LDSBC will be 'hub of educational innovation,' says new college president during inauguration

With the charge to lead LDS Business College “to new heights of purpose, learning, service, achievement, recognition and unity,” President Bruce C. Kusch officially began his tenure as the college’s 13th president on Oct. 24.

Students, faculty and LDS Church leaders met in the historic Assembly Hall on Temple Square for the inauguration. President Dieter F. Uchtdorf of the First Presidency spoke and installed the college’s new president, and Elder Dallin H. Oaks, of the Quorum of the Twelve Apostles and chairman of the executive committee of the board of trustees for the Church Educational System, conducted. Elder Kim B. Clark, General Authority Seventy and commissioner of the Church Educational System, also offered remarks.

“I am grateful for the privilege to celebrate with you the inauguration of President Bruce C. Kusch as 13th president of LDS Business College,” President Uchtdorf said. “President Kusch took office in April of this year and this inaugural ceremony confirms the confidence of the board of trustees as it officially inaugurates his presidency today.”

President Ucthdorf noted that the roots of LDS Business College go back to 1886 and spoke of the goals that have always been at the center of the college’s curriculum — strengthening discipleship, teaching practical skills and cultivating a nurturing environment.

Recognizing the costs of education and the difficulty of accommodating all who desire to study, President Uchtdorf reminded listeners “above all, we must never forget that the foundation for past and future innovations must always be grounded in divine gospel truth and the inspired charted course of Church education.”

President Kusch “gratefully” accepted the charge from President Uchtdorf and pledged his “whole soul as an offering to magnify this sacred trust.”

“I am excited for this season of learning and service, and feel much like Oliver Cowdery, who said, in describing early events of the Restoration, ‘These were days never to be forgotten.’ This is a time and a season in the history of Church education unlike any other. Truly, theses are days never to be forgotten.”

President Kusch invited all who work, serve and learn at LDS Business College to “seek an understanding of this vision — obtaining even the smallest glimpse — of what the Lord desires us to achieve and to become.”

“As capable and consecrated as we may be today, it will not be sufficient for the work that lies ahead,” he said. Individually and institutionally “we must lengthen our stride, expand our reach and quicken our pace.”

Each person must live in a way to merit the spiritual gifts needed to inspire innovation, help people know what to do and how to do it according to heaven’s design.

The new president shared three strategic imperatives to help focus the desires, priorities, choices and actions of all who are associated with LDS Business College.

Imperative 1: Serving and blessing the lives of many more students on the Salt Lake City campus.

“I believe there are substantially more of our Heavenly Father’s children who would be immeasurably blessed by an LDS Business College experience,” he said. “On our campus there is room enough and to spare.”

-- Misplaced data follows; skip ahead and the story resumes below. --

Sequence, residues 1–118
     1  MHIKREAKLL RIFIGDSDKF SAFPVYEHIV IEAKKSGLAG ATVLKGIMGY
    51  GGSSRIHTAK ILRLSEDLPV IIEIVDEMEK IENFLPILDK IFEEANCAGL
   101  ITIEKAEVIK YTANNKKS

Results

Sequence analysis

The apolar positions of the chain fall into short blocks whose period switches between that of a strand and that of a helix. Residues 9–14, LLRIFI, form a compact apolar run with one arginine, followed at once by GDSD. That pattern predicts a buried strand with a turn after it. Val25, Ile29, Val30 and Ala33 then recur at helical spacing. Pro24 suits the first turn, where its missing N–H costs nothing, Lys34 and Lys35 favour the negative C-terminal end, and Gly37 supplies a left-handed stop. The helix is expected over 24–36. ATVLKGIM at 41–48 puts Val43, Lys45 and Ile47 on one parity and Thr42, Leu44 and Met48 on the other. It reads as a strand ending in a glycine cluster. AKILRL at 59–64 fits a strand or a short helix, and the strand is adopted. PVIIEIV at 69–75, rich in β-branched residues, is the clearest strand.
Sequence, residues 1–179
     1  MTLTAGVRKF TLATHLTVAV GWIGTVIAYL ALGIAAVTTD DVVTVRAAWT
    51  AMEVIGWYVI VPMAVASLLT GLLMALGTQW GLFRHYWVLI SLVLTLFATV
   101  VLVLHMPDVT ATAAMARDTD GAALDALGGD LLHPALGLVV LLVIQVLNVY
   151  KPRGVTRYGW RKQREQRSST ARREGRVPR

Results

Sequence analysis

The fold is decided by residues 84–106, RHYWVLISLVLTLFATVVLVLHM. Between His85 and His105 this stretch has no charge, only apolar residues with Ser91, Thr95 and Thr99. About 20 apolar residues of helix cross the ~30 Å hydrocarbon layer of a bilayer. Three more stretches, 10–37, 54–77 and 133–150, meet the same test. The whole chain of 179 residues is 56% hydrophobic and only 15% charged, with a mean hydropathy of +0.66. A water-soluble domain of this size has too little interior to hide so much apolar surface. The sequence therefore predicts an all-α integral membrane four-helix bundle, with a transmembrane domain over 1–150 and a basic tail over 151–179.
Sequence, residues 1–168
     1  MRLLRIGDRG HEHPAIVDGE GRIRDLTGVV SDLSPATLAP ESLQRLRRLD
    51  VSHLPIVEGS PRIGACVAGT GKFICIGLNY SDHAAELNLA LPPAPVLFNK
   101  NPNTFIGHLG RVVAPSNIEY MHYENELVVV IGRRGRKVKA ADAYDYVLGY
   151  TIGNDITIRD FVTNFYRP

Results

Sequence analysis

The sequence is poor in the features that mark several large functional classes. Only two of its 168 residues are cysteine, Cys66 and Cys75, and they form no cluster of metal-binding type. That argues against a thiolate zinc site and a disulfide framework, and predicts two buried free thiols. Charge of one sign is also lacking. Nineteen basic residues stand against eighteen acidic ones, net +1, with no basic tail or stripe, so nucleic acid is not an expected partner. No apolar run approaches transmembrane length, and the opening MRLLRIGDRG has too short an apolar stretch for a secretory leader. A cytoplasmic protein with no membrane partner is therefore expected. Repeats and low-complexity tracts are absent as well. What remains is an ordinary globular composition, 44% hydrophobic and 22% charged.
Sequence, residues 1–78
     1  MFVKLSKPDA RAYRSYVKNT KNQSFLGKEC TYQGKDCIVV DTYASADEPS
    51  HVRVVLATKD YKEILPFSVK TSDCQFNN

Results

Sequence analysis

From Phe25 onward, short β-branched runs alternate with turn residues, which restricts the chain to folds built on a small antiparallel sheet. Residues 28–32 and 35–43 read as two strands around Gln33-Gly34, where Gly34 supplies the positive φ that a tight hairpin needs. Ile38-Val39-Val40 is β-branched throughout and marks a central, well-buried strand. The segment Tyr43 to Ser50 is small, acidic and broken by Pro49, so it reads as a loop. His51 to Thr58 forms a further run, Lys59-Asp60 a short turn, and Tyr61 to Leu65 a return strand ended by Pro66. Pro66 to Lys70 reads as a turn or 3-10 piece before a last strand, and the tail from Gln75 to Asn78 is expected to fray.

Creative class scheduling, online learning and other curriculum innovations are ways LDS Business College will serve many more students — oftentimes non- traditional students — with no increase in the physical space now occupied, he said.

“Come to the college, and together we will help you discover that hope, build upon it and claim new and exciting opportunities.”

Imperative 2: Be a hub of educational innovation, educating more deeply and more powerfully than ever before.

“A willingness to embrace change in our own learning and teaching is essential if the learning of our students is to deepen and accelerate ..,” he said. “We must be forward-thinking, looking and doing; nimble and ever prepared to educate with excellence; increasing and improving our capability to respond with just-in-time curriculum solutions.”

Imperative 3: Be an integral contributor to the BYU-Pathway Worldwide effort.

“Our collaborative efforts will provide domestic Pathway students a seamless transition to LDS Business College and on to BYU-Idaho online, while several of our certificates will be included in online offerings to students globally,” he said. “I am confident this is only the beginning and would simply say to President [Clark G.] Gilbert, ‘we are ready,’ and committed to do our part.”

In his remarks, Elder Clark said President Kusch and his wife are “the salt of the earth.”

“Salt was and is a great blessing,” Elder Clark said. “In ancient times it was highly valued in medicine, in preserving, protecting and seasoning food, as a form of currency and in family and religious ceremonies.”

Given its importance, salt came to be a symbol of many important attributes of the abundant life, Elder Clark taught. He highlighted four clusters of attributes — purity and integrity, friendship and hospitality, wisdom and value, and vitality and creation — associated with salt at the time of the Savior’s mortal ministry.

Just as salt blessed people in many ways and was of great worth, so are the covenant people of the Lord, he taught.

Nefi J. Aguilar and Schillene A. Bigelow offered official greetings from the LDS Business College students and faculty. The BC Choir, combined with LDS Business College faculty and staff, performed a musical selection, and Jason M. Gunnell performed an organ solo. Past college President J. Lawrence Richards was in attendance.

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